Last night, unable to sleep, I said in my mind exactly what I wanted to say in this post. Of course I can’t remember. It’s been a long time since I’ve blogged, but I desperately need some feedback.
I am a 6th-grade foreign language teacher. I teach an Introduction to Spanish. I’ve been doing this a short time. (Before that I was a reading teacher, a language arts specialist, and a third-grade teacher).
I teach in a very large school district which is divided into clusters which are divided into pyramids. There are three pyramids in my cluster. Some pyramids have 6th grade in the middle school and some have it in the elementary school. My pyramid has 6th grade in the elementary school–there is one high school, one middle school and six elementary schools in my pyramid.
Our pyramid just got our International Baccalaureate (IB) certification for the middle years. This means students must take a foreign language in 6th grade. Before we got our final certification, I taught an Introduction to Foreign Languages (Spanish, French, German and Latin). This was nice. It gave the students a taste of each of the languages (offered in our pyramid) and a better idea of which language they might like to pursue. When the IB people came down from NY; however, they said we must start teaching “a” language in 6th grade. At five of our elementary schools Spanish is the only language available, and at the other Chinese.
Teaching 6th-grade foreign lang. in the elem. school is difficult what with the elementary schedule. I only see my students twice a week for 45 minutes. I must go into their classrooms, as there is no space for me to have my own classroom.
I teach between ten and 12 classes at two schools–varies from year to year (used to be three schools and 13-15 classes). Last year one of my schools had seven 6th-grade classes and the other had three. I go to each school every day. At my smaller school my average class looked like the following (and probably will this coming year, too): Half the class doesn’t speak any Spanish even though they’re surrounded by classmates who are speaking it among themselves, and 1/2 the class are native Spanish speakers. Of that half, a few are fluent (reading, writing, speaking), the rest speak, but don’t read or write well, or else, the expressive skills are just so, so.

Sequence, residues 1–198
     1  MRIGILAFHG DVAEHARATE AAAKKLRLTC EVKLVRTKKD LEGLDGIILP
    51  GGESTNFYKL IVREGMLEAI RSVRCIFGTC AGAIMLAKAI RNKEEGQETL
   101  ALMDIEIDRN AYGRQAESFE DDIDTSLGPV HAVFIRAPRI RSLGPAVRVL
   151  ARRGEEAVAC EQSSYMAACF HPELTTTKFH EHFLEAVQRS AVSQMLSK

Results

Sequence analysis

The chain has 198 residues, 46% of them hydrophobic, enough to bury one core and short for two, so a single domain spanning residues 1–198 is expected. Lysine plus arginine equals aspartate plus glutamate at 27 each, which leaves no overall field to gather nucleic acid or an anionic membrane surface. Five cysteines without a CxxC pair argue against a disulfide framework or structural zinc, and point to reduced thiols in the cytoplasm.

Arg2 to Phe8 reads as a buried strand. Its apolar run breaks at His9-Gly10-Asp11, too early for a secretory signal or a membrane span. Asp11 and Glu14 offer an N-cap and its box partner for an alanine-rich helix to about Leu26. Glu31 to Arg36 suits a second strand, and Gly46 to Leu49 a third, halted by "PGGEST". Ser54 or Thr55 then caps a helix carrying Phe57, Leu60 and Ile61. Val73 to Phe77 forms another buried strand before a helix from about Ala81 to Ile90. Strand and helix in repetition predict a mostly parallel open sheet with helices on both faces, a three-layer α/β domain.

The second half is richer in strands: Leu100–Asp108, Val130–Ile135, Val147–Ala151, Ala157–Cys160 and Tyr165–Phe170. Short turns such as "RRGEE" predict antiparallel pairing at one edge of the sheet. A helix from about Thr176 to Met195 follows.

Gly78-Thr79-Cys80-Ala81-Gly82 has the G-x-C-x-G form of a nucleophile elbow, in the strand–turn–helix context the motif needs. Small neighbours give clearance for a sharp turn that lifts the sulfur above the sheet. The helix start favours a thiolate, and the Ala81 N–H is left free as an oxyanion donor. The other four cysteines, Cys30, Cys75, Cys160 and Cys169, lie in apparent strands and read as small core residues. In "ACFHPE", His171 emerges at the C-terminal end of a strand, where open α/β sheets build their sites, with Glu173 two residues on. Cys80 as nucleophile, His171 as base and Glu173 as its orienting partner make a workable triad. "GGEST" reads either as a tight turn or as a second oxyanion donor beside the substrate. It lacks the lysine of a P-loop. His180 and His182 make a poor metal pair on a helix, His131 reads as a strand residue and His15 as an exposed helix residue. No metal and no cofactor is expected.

As I mentioned above, I teach an Introduction to Spanish. I want to do a much better job at meeting the needs of all my students, but I ask you, how do I do this successfully? I know grouping is important, but there’s more I need to do.
I want to use technology more. How? At one school, there is one SmartBoard to share between seven classes. At the other school, there might be four 6th grades this year, which means one class won’t have a SmartBoard. At the big school, each class has five slow laptops. At the small school there’s a mobile lab that has to be shared with all the 6th-grade classes and (maybe even the 5th-grade) classes.
I’m getting overwhelmed just thinking about all I have to and want to do.
Does anyone have suggestions, comments, etc. for me. I am open to any and all…and I thank you in advance.